When Moshe Rabbeinu broke the Luchos, it was like a chasan taking the ring away from his kallah. It will never be the same as the first Luchos. “Loss of the tamid offering shows a relationship that was lost with Hashem. Breaking the walls showed that we weren’t impervious and Hashem was not protecting us.” He taught,” The first signs of the final galus were when we realized we are not strong in our relationship with Hashem.”
Rabbi Dahan shared that Hashem said, I will sacrifice My glory for the sake of My people. He took his wrath out on stones and sticks rather than on am Yisrael. “How can we not have that emotion to realize what the Beis HaMikdash meant for us?”
He shared how Plato was puzzled when he saw Yirmiyahu the Navi in tears over the destruction of the Temple. Plato said: You are a wise person; how can you cry over the destruction of stones and sticks, and also it is not the way of a wise person to cry over events in the past? Yirmiyahu responded that as a philosopher you must have quandaries you have not resolved. Plato admitted that this was so. He then expressed his philosophical issues and Yirmiyahu solved all of them to his satisfaction. Plato said, “You can’t be someone mortal.” Yirmiyahu responds, “That wisdom all came from sticks and stones.” Rabbi Dahan taught, “It is incumbent on us to cry the same tears of Yirmiyahu.”
Yirmiyahu taught that your heart has to be vibrant. “We don’t just have an intellectual relationship with Hashem. We have an emotional bond. We have to honor that bond.”
Rabbi Yosef Palacci spoke next about the fact that when Hashem gives us a command, we have to listen and there are no cheshbonos. King Chizkiyahu didn’t want to have children, because he saw with prophecy that he would have a wicked child. This was wrong. Chizkiyahu prayed for Hashem to save him, even when it looked like the decree was final. Even when a sharp sword is at your neck, you can still be saved. He taught, “A Jew understands that no matter what situation you are in, don’t ever, ever, ever give up hope.” Chizkiyahu turned towards the wall, meaning he turned towards the wall of his heart. He prayed from the depths of his heart and he got answered. The Gemara is teaching us that when we pray, Hashem answers.” Rabbi Palacci stressed, “Whatever you want in life, you have to pray for. Hashem is waiting to hear your voice.”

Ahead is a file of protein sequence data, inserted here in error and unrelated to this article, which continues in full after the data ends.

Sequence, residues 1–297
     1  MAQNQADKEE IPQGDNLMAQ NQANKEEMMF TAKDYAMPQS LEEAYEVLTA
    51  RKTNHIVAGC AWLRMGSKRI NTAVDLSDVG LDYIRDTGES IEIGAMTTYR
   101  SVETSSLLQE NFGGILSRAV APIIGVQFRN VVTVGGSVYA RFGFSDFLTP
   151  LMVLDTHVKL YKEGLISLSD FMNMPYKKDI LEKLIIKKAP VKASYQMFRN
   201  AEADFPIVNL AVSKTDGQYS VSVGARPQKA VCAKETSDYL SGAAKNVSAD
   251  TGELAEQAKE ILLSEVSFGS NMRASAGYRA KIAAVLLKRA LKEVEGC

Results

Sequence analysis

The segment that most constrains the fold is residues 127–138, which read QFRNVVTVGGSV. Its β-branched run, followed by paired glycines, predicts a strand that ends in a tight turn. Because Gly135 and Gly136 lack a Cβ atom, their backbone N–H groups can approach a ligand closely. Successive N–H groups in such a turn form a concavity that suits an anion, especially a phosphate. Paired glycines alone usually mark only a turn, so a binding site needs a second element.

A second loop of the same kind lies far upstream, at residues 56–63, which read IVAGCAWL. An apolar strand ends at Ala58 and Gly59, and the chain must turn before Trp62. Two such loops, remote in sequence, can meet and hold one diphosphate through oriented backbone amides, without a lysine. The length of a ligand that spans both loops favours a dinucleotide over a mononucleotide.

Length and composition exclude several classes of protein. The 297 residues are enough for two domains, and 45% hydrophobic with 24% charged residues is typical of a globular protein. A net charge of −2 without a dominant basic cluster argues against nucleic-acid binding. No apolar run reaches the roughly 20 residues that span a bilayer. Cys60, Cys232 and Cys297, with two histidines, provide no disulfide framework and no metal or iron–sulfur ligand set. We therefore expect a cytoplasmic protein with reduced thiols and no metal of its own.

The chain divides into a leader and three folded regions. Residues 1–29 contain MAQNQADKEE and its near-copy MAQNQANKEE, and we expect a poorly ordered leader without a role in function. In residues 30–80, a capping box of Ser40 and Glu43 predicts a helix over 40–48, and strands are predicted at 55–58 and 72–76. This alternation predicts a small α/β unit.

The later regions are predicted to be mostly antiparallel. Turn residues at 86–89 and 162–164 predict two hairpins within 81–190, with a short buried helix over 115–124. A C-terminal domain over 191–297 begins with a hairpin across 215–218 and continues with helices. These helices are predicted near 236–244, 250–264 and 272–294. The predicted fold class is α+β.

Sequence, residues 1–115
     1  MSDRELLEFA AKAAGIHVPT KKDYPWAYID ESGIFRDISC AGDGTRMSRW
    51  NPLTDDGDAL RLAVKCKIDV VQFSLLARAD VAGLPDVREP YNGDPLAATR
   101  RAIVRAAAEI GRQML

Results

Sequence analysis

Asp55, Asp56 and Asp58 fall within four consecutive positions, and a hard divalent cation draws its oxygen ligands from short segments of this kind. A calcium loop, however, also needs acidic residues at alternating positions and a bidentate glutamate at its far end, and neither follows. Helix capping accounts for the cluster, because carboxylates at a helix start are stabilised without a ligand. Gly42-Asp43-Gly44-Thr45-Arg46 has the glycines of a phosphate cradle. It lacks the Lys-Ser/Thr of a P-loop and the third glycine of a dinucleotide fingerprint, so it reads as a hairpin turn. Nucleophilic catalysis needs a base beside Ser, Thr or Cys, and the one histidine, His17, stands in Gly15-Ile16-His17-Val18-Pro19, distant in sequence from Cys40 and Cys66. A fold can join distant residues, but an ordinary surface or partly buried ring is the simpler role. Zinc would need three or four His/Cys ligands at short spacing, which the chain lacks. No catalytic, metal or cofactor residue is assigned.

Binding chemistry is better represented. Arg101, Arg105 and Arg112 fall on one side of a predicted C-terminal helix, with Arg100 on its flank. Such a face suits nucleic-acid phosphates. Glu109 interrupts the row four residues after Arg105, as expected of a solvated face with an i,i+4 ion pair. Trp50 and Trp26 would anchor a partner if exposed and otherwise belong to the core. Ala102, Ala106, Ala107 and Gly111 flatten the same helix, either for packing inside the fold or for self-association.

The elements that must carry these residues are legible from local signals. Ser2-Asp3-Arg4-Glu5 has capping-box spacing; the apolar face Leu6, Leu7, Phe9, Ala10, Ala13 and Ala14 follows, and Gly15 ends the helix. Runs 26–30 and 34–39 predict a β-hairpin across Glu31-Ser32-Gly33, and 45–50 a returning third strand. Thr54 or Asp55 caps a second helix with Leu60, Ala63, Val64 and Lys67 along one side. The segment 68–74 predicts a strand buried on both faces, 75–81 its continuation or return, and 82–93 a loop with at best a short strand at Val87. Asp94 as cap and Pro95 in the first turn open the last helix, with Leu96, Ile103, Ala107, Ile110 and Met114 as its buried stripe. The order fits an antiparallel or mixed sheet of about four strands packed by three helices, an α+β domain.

He taught that Hashem loves us, and He wants to give to us. “We have to pray for our success. It doesn’t come automatically. We have to keep praying for health.” He advised that if you always say Asher Yatzar with kavanah, it is a good protection from illness.” When we are learning, we should pray before we open a Gemara that there shouldn’t be a stumbling block before learning. Before taking medicine, there is a prayer asking Hashem to help the medicine to be effective.
Next, Rabbi David Shelby taught the fact that the first night of Pesach and Shiv’ah Asar B’Tamuz and Tish’ah B’Av always come out on the same day of the week and this teaches us an important lesson. The purpose of what Pesach commemorates was to free B’nei Yisrael so that we would ultimately be able to receive the Torah. The purpose of the Torah is to “Love your neighbor as yourself.” To stop these sad days, we need to love our neighbor the way we love ourselves. He stated, “Just make another person feel good. Say “Good morning.” Tell someone something that makes the person feel good, and this can change the whole world.”
He noted how Hashem cries every day because there is no Beis HaMikdash. He noted that we know how much punishment there is for lashon ha’ra, so imagine how much reward a person gets for speaking good things. It is a million times more. “Hashem only wants to give us reward.” He pointed out, “Evil is the absence of G-d in our lives.”
The marathon continued with inspiring shiurim from Rabbi Yaaqob Menashe, Rabbi Eliezer Zetouneh, Rabbi Boaz Bardea, Rabbi Shay Tahan, Rabbi Elan Segelman, Rabbi Mordechai Fishman and Rabbi Moshe Sokoloff.
All of these shiurim can be viewed on TorahAnytime.com.
By Susie Garber